Keeping employees engaged
Globally, employees’ lack of engagement has been estimated to cost employers $7.8tr — equivalent to 11pc of the global gross domestic product. The root causes of disengagement and work stress often lie in how an organisation has designed people’s jobs. Decades of extensive research consistently link poor work design with negative employee outcomes, including mental strain, high turnover, job dissatisfaction, decreased productivity, and impaired learning. Many companies are now striving to do better. Unfortunately, our research indicates that many managers lack the necessary understanding to design high-quality jobs. This is where artificial intelligence technologies such as ChatGPT could play a key role, by bridging the manager knowledge gap and helping design high-quality work that benefits both employees and organisations. However, it is important for managers to first understand the pros and cons of using ChatGPT for work design.
(Adapted from “How ChatGPT Can And Can’t Help Managers Design Better Job Roles,” by Fangfang Zhang and Sharon K. Parker, published on August 31, 2023, by MIT Sloan Management Review)
At a workshop in central Ukraine, workers are busy making parts for howitzers, radar stations and mortars. They are all fakes. Ukrainian company Metinvest churns out high-quality replicas that serve as decoys, seeking to lure Russian fire. Made from rigid plastic foam, plumbing and scrap equipment, the gear is produced based on the logic that every Russian missile, shell or drone used to strike them is one fewer targeting real equipment and troops. Replicas likely account for at least some of the weapons Russia claims to have destroyed on the battlefield, which exceed the numbers in Ukraine’s arsenal. Decoys can help mislead an enemy about attack plans or fool an opponent into believing that an area is better defended than it really is, deterring an assault. Deception has been an important tool of warfare throughout history, however, advances in thermal imaging can reveal targets that are invisible to the naked eye or expose fakes as inert dummies. Inexpensive drones also offer armies pervasive real-time surveillance.
(Adapted from “How Ukraine Tricks Russia Into Wasting Ammunition,” by Isabel Coles, published on October 2, 2023, by The Wall Street Journal)
Climate change and zombie viruses
Zombie viruses — yet another risk that climate change poses to public health. Virologist Jean-Michel Claverie’s discoveries shine a light on a grim reality of global warming as it thaws ground that had been frozen for millenniums. Mr Claverie, 73, has spent over a decade studying “giant” viruses, including ones nearly 50,000 years old found deep within layers of Siberian permafrost. With the planet already 1.2C warmer than pre-industrial times, scientists are predicting the Arctic could be ice-free in summers by 2030s. Concerns that the hotter climate will release trapped greenhouse gases like methane into the atmosphere as the region’s permafrost melts have been well-documented, but dormant pathogens are a lesser explored danger. Last year, Claverie’s team published research showing they’d extracted multiple ancient viruses from the Siberian permafrost, all of which remained infectious.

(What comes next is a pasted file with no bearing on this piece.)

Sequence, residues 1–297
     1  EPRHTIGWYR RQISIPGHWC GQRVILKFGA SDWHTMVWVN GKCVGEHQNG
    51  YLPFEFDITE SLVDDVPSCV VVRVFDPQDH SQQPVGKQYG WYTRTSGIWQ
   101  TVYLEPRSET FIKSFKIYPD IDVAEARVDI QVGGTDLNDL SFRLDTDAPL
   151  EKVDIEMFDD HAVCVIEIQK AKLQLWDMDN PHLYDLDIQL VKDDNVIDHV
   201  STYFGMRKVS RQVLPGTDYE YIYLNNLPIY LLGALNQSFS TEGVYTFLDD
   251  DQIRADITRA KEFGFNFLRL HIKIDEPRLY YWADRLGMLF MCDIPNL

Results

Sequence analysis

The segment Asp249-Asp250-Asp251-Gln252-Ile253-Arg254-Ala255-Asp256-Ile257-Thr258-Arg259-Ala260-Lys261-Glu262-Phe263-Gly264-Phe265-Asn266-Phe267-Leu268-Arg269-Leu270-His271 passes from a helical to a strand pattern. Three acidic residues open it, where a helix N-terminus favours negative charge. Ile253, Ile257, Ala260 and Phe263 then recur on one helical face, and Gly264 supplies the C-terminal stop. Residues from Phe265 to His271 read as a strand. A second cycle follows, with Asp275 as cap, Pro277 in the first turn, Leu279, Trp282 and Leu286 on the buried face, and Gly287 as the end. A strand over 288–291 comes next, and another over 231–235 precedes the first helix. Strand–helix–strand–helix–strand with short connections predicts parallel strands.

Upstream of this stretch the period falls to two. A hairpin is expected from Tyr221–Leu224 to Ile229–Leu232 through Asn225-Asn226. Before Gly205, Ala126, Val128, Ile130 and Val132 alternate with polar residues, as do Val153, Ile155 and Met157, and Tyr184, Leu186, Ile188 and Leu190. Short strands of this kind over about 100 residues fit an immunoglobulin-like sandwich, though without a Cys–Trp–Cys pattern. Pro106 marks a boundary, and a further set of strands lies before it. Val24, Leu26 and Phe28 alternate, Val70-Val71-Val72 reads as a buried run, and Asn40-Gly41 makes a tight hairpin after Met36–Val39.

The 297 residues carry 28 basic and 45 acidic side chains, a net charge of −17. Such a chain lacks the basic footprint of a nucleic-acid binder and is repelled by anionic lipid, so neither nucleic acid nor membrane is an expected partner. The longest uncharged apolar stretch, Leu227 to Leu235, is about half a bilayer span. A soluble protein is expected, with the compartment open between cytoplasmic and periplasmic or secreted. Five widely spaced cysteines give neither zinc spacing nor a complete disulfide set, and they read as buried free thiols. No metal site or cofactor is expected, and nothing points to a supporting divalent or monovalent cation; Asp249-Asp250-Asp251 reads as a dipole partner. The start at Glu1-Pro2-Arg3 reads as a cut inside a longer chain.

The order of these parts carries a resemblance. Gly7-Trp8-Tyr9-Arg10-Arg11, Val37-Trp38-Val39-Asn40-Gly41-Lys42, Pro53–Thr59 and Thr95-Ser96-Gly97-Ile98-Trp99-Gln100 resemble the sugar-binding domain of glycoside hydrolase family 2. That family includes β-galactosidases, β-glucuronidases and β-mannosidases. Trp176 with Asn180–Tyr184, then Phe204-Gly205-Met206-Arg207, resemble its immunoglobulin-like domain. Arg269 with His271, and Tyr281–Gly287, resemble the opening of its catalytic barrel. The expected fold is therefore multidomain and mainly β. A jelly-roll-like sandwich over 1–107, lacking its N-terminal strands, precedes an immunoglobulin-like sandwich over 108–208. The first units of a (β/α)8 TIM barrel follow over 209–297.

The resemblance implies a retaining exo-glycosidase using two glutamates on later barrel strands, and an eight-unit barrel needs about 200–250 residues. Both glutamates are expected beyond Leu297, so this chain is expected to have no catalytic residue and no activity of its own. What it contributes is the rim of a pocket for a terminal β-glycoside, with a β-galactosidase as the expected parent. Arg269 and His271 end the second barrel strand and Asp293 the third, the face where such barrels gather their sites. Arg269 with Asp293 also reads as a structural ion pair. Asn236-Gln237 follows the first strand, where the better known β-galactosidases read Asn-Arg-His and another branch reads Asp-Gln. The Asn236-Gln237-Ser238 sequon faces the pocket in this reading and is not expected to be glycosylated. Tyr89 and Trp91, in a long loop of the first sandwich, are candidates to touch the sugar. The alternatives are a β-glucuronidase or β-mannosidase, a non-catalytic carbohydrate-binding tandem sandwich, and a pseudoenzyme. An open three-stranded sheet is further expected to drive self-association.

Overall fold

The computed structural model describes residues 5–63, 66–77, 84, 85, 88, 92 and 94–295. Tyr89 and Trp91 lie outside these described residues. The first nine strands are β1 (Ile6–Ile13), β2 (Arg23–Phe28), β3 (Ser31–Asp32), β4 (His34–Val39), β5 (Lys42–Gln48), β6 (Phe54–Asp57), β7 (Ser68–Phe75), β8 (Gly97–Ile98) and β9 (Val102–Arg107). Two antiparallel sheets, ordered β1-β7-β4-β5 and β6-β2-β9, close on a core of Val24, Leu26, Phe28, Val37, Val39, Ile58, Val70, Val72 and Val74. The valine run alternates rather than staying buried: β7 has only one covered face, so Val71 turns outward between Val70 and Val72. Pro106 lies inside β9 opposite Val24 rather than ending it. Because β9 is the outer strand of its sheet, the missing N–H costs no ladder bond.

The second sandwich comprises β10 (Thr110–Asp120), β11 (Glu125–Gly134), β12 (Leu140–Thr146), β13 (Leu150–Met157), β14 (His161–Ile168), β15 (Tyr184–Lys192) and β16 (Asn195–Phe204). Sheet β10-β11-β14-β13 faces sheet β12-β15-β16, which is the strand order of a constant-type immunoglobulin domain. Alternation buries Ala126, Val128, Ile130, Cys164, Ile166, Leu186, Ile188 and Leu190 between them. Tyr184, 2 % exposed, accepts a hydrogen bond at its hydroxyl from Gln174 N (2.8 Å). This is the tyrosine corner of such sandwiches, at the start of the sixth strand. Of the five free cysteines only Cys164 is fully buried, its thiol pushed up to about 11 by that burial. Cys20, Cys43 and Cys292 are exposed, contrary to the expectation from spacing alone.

(Adapted from “Zombie Viruses Are Waking Up After 50,000 Years As Planet Warms, by Liza Tetley and Bhuma Shrivastava, published on October 9, 2023, by Bloomberg)
People have splurged on their cats and dogs for ages, but now the pet high life is trickling down to tinier creatures. At Norm’s Piggy Pen in Rockford, Ill., a store devoted to pint-size pets, furry pets can get a bath, brush and blow dry for $40. Owner Amanda Norman throws in a massage, which they seem to enjoy. PetSmart hired married celebrity designers Nate Berkus and Jeremiah Brent to create furniture and décor for rodents, reptiles and fish. The pet store chain said it sought out the HGTV stars because customers told the company they hid their fish and gerbils in back hallways because their habitats weren’t nice to look at. American households had 12.7m gerbils, hamsters, lizards and other small pets this year, up nearly 7pc from the year before.
(Adapted from “America’s Pet-Pampering Obsession Hits Tiniest Critters: Guinea Pig Spa Days, Sofas For Lizards,” by Joseph Pisani, published on September 26, 2023, by The Wall Street Journal)
Published in Dawn, The Business and Finance Weekly, October 16th, 2023